4 Foundations to a Simple Discipleship Strategy

As a football season is about to begin, imagine a head coach stands in front of the team he leads and, with great passion, declares, “Here is our strategy. We are going to win! We are about winning! Let’s go win!”

The team breaks from the huddle with no idea how they will win. Practice each day is a bunch of running around, hitting each other, and executing some basic drills. But as the first game approaches, the team has no clue what the game plan is. The team knows they are “in it to win it,” but lacks any direction on how they are to play as a team, what plays will be called, how those plays fit into an overarching team philosophy. What started as inspirational is now very burdensome. While winning may be the goal, the mission of the team, it is not a strategy. A big goal without a strategy will demoralize a team in the long run.

In the same way, church leaders who articulate the mission of making disciples without providing a strategy for accomplishing the mission can lead a ministry into frustration. Ministry leaders must not only preach the church’s mission of making disciples, but also must provide a strategy for how the church fulfills her mission.

What makes a good ministry strategy? In his book, Good Strategy, Bad Strategy, Richard Rumelt writes, “Good strategy almost always looks simple and obvious and does not take a thick deck of PowerPoint slides to explain. It does not pop out of some ‘strategic management’ tool, matrix, chart, triangle, or fill-in-the-blanks scheme.”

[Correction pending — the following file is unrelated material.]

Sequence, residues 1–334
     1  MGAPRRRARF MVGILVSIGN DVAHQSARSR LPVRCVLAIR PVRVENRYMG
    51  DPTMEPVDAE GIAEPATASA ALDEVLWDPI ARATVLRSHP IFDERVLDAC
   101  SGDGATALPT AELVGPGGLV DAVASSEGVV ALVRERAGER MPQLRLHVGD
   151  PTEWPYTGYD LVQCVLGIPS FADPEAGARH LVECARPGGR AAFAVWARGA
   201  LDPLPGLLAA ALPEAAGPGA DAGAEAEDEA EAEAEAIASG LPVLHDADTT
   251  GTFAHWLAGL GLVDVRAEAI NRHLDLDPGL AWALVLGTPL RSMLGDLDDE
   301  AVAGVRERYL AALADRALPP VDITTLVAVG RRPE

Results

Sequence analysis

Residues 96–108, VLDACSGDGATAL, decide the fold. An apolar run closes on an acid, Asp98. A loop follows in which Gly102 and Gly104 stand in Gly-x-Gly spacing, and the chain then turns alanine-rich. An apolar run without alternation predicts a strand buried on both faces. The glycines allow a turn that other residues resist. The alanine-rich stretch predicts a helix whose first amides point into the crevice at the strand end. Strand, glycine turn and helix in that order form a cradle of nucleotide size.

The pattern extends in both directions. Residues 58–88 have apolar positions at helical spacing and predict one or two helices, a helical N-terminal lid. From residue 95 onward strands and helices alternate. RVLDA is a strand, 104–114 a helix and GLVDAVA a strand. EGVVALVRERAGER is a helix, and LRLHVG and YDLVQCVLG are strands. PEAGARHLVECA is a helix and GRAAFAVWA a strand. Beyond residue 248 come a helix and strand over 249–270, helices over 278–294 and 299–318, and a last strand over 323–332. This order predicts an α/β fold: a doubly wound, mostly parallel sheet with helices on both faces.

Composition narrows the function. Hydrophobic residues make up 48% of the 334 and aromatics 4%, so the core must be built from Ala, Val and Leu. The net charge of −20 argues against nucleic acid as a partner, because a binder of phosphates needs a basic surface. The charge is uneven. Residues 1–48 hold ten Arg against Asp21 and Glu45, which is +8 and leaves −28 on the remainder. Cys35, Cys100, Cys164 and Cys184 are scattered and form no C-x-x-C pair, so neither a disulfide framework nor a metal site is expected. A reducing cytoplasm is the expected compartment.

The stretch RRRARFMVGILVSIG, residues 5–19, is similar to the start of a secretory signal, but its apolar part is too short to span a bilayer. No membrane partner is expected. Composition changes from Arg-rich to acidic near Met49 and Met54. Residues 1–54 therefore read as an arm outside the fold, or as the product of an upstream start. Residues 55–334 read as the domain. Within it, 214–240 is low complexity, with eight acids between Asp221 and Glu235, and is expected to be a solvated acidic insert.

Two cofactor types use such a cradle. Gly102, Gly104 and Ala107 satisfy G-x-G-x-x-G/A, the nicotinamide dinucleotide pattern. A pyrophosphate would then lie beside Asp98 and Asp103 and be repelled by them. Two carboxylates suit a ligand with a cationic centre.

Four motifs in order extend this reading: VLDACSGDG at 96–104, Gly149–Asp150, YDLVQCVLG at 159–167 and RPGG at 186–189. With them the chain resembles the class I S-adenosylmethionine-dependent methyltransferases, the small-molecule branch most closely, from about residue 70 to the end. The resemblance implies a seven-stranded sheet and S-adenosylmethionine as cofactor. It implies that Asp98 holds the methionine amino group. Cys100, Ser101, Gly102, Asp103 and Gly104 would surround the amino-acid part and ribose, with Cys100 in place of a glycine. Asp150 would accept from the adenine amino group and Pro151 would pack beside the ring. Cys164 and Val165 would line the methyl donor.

I agree with Rumelt; Good strategy is simple and this has implications for ministry leaders who seek to make disciples. There are at least four essentials in a simple ministry strategy to make disciples (articulated more extensively in Simple Church):

1. Clarity

People cannot engage in a strategy they do not understand. Understanding always precedes commitment, so a simple process for making disciples is straightforward and clear. The how must be articulated so people understand how all the church offers fits into the discipleship process.

2. Movement

Because discipleship brings us closer and closer to Christ, a discipleship strategy must seek to move people more and more into the image of Christ. A simple strategy utilizes the programs the church offers to move people towards greater understanding of Christ and greater commitment to Him. Instead of people being servants to programs, programs must be servants of a church’s discipleship process. In a simple discipleship strategy, programs are strategically placed along the discipleship process and used as tools to encourage people to be more and more like Christ.

3. Alignment

In a local church with a simple discipleship process, the discipleship process is embedded in every ministry in the church. Instead of a federation of sub-ministries that just happen to share the same facility, an aligned discipleship process moves the whole church in the same direction.

4. Focus

Without ruthless focus, ministries will always drift towards complexity and away from their essential core. A simple strategy can help a ministry stay focused on her core. Focus requires saying “no” to that which falls outside the discipleship strategy.